How to Build LinkedIn Groups

There are several ways to get qualified people to join social network groups (such as LinkedIn groups). These techniques range from inviting your existing contacts to join the group to renting lists to broadcast group join invites.

The success at getting qualified members to join your group depends on the interests of your potential members and what you include in the join invite message that you send to them. Using some sample messages for each type of invite can dramatically speed up the number of invites that you send (copy and paste invite message) and improve the percentage of people who join your group.

Social business networks commonly limit messages to relatively short messages (a few hundred characters) so your message must be simple and clear.

Invite from Existing Contact List

People on your existing contact list are likely to be more receptive to your invite message than other candidates (people that you don't know). It is still important that you identify the key issues that your group covers. You should also mention to them what specific benefits they receive for joining the group (cash payments are not usually necessary). An example of an invite message to an existing contact:

"issue" is important to the success of "industry or service". To help develop and share solutions for "issue", I've setup a "my group". Please join and share your solutions (good for the industry and good PR for you).

– "your name", "your role"

Invite People who Comment on Your Discussions in Another Group

A good way to identify people who have interests that are similar to yours is to join groups that are related to your group topic and post discussions about your topic. When people comment on your discussion, they are likely good candidates to be invited to join your group. An example of an invite message to a topic commenter:

Thank you for commenting on my discussion "discussion title" in "group". To help develop and share solutions for "issue", I've setup the group "my group". Please join, learn, and share your solutions (good for the industry and good PR for you).

– "your name", "your role"

Invite Social Network People who have a Related Interest on a Key Term

You can usually search social network discussions and member lists for key words (such as terms related to your group). Once you have identified people who have commented on or had involvement with that key topic, use this reference information in your invite message. An example of an invite message to a person who has a related interest:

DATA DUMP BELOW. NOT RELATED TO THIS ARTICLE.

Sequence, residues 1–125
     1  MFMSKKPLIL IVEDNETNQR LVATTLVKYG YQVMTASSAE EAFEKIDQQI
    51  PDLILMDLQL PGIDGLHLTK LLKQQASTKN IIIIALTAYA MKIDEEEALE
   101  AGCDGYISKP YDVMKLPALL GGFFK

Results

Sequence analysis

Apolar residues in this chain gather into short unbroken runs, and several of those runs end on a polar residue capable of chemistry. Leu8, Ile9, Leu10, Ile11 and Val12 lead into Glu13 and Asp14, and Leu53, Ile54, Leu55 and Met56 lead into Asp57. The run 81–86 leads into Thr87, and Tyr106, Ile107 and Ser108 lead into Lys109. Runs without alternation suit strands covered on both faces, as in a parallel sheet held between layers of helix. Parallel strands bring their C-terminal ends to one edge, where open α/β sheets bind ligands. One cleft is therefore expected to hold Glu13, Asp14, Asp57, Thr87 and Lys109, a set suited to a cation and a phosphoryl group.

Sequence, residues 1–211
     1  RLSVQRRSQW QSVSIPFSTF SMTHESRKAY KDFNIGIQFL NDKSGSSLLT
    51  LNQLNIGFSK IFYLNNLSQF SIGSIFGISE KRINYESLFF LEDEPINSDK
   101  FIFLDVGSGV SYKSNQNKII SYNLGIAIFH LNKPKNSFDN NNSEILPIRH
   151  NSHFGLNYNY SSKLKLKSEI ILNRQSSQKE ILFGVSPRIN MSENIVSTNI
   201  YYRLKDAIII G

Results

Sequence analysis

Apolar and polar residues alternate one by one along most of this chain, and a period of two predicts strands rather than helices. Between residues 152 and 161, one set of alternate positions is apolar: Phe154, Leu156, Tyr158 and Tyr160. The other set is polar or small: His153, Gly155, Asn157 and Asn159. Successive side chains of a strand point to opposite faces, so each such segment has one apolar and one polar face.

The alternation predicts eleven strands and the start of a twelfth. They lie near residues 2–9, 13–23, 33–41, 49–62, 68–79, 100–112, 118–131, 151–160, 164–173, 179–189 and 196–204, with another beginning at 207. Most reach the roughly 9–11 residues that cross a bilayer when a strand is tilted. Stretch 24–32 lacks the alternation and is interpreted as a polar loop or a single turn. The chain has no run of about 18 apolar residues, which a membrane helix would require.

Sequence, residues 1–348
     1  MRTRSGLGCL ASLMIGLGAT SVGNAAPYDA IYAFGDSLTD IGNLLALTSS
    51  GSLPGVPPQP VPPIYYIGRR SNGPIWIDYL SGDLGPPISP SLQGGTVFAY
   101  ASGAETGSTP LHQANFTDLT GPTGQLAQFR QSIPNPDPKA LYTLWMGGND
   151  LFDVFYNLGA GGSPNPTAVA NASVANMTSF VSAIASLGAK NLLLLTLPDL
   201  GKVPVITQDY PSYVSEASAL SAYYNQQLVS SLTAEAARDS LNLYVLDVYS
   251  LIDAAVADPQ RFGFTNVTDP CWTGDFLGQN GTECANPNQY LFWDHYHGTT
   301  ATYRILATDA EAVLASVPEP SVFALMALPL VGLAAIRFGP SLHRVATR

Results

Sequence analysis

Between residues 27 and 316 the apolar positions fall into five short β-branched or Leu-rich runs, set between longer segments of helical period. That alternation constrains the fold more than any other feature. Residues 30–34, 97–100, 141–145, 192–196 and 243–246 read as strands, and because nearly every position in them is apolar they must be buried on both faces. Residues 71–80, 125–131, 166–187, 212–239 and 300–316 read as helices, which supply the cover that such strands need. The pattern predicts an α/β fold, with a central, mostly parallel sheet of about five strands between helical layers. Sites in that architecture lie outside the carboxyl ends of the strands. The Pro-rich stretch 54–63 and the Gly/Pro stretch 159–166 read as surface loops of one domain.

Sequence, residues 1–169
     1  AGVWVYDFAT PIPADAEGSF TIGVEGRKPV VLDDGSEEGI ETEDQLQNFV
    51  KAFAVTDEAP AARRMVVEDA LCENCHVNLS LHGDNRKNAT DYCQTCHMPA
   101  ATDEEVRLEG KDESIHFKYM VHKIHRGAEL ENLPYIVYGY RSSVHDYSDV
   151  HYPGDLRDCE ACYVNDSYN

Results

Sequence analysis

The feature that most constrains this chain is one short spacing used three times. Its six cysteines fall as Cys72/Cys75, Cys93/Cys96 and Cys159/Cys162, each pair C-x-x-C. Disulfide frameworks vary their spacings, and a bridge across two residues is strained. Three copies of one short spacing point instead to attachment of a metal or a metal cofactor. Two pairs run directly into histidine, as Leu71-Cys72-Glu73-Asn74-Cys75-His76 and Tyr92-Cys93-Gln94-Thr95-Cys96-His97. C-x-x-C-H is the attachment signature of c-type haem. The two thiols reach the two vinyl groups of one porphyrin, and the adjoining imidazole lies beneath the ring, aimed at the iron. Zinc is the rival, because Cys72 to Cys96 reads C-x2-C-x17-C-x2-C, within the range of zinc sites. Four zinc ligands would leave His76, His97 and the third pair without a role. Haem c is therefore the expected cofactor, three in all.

I noticed that you are involved with "issue" from "profile or source of information". To help develop and share solutions for "issue", I've setup the group "my group". Please connect with me and join "my group" to learn and share your solutions (good for the industry and good PR for you).

– "your name", "your role"

Invite People who you have Seen Speak or Published an Article

Search for people who have published an article or spoken at an event. Find something that you can reference in their article so they know your interest is sincere. Use search engines to find articles or links to speaker sessions at trade shows. Search for their name on your social network to see if they are a member. If they are, review their article or speech and send them an invite message. An example of an invite message to

I saw your presentation on "session" at "event". You gave an excellent discussion on "subject". Hope you will link with me and join "my group". Good free publicity,

– "your name", "your role"

Promote Group on Web Sites and Web Portals

Post links to your group on related web sites and web portals. It can be hard to find the link to post. On LinkedIn you need to go to the group page, select invite, and the link will be at the bottom.

Broadcast Invites to Qualified Groups

It is possible to reach many people who may be qualified for your group by renting a list of qualified prospects and sending them a group invite message. For example, you can rent a list from a magazine or trade show that is related to your group. The percentage of people who actually join may be a small percentage (less than 5%), but using large lists can result in a rapid growth in your social network group.



Source by Lawrence Harte

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